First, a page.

It’s been quite the last number of seasons for Homan and her team out of Ottawa. After their disappointment of the Olympics, they lost year’s Scotties final in dramatic fashion by giving up steals in the 10th end and then an extra end.

Those tough losses are valuable lessons.

“Everything you go through changes you and helps you grow as a person,” Homan said.

“We feel like we’re right there.”

Homan’s lead, Lisa Weagle, says they’ve put those losses behind them and are focused on winning a fourth Scotties title.

“The only thing you can do is learn from it. We’ve taken what we can from that and figured out how we can be stronger and better,” she said.

This iteration of Team Homan made their Scotties debut five years ago in Moose Jaw.

Homan says it’d be a fitting place for them to win again.

“We’re going to give it everything we have. If it’s good enough, awesome. If it isn’t, we didn’t leave anything behind,” she said.

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Canucks 9, Bruins 3: Still nothing like a beatdown of the Bruins – The Province



The Canucks finished off their February homestand with a thumping win over a team Vancouver fans still love to hate.

It was a near-unanimous comment Saturday from the Canucks before facing the Boston Bruins, who would be tired after having to fight hard to defeat the Calgary Flames on Friday night: sure, they’re among the league’s best, but they have to take advantage.

And they did, knocking off the Bruins 9-3 in front of a raucous crowd at Rogers Arena, posting their biggest win over the team. The closest they’ve come was an 8-5 win in 2018. And the first time since 1996 they scored nine goals.

Led by captain Bo Horvat and the Insurance Line, the Canucks dominated the Bruins from start to finish.

In a vintage performance Horvat scored a first-period power-play, helped create goals for both his linemates, picked up an assist along the way and also had a fight. It was the first Gordie Howe Hat Trick for a Canuck since Denis Pederson in October of 2000.

The Horvat-Tanner Pearson-Loui Eriksson was matched up all night against the Brad Marchand-Patrice Bergeron-David Pastrnak line and while Pastrnak tallied twice, the Insurance Line truthfully controlled play throughout.

“He plays 200 foot game and he shows up in big moments and that’s the type of player I want to be, and I look up to guys like that,” Horvat said of his matchup with Bergeron. “You want to have your best games against guys like that so I was extra motivated today for sure.”

Eriksson hit the cross-bar early and then hit the post twice before finally burying a goal late in the second period.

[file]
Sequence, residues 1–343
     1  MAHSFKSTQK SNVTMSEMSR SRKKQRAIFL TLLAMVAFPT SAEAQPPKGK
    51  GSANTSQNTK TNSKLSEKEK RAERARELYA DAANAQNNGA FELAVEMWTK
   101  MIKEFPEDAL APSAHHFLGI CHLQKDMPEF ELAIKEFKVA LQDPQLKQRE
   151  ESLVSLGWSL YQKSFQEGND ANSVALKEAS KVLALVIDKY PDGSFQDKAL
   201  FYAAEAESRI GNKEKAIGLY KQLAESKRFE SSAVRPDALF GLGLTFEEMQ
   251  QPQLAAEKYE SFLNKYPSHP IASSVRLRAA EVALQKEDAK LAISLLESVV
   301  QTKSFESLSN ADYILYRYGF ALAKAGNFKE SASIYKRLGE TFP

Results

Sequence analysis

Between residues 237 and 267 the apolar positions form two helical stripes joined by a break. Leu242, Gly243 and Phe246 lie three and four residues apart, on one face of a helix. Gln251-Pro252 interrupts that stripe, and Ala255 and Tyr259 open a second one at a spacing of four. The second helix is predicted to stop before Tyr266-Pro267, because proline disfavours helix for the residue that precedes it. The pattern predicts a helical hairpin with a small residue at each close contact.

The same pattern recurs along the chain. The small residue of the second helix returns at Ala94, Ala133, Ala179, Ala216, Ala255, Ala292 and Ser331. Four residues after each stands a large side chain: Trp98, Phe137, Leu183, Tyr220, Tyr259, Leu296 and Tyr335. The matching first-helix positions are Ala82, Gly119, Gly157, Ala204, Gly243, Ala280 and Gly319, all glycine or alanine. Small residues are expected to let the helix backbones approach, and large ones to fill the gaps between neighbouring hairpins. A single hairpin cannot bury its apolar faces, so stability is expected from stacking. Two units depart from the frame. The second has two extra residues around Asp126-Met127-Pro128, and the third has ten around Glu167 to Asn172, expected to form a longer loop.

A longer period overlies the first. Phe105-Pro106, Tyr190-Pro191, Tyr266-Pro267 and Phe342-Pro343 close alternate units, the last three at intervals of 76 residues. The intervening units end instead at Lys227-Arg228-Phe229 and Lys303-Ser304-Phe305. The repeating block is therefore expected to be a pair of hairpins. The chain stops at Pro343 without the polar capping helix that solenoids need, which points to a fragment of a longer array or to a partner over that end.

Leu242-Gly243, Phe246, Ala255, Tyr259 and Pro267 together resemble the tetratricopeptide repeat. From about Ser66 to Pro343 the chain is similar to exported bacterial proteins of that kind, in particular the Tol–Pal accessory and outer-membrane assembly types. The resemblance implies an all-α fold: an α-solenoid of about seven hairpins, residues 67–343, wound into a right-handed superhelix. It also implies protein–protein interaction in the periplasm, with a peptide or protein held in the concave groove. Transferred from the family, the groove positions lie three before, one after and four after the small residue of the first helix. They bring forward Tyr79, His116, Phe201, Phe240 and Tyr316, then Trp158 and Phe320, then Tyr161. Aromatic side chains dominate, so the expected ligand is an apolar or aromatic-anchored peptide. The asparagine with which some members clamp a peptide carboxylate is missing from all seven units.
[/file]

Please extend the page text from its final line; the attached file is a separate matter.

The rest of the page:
“We were just laughing at that, because I think it was like the second or third shift of the game, he buried one off the crossbar and you’re just like oh my god, like poor Loui, he’s never going to get one, but it’s nice to see him get one,” Horvat said.

The Canucks fired 17 shots on goal in a high-flying first period, Bruins goalie Tuukka Rask reminding onlookers more than once why he’s among the league’s best.

Second periods have been a challenge for Vancouver this season but not on this night as the Canucks scored three times. The period also featured a dust-up between Bruins captain Zdeno Chara and Tyler Myers as well as the full-on fisticuffs between Horvat and Charlie Coyle.

“I don’t know what it is,” Horvat said about his fight, the third of his career but the second against a Bruin. “I just get amped up for these games, especially in front of a home crowd it’s great and it’s always nice to get the win after that, too.”

The Bruins picked up two goals in the third, but it was too little, too late.

On top of the three goals from Horvat and Co., the Canucks also got goals from Troy Stecher, Adam Gaudette, Elias Petterson, Jake Virtanen and two third-period tallies by Tyler Toffoli while the Bruins’ other goal was scored by Chris Wagner.

Here’s what we learned…

Slickest of mitts

It was a toss-up on what was the more impressive feat in the Gaudette goal: was it Quinn Hughes’ deft puck placement on to the centreman’s stick, or was it Gaudette’s equally deft finish, flicking the puck up and over Rask’s shoulder?

Either way, it was the latest reminder that Hughes is an incredible talent and that Gaudette has come a long, long way on offence this season.

Give me the tools and I’ll finish the job

Horvat couldn’t have been any more open when the puck landed on his stick before he fired it over Rask’s shoulder to put the Canucks back in the lead on the Canucks’ first-period power play.

J.T. Miller laid a perfect pass to the wide-open Horvat, who now has nine power play goals on the season, one off his career high.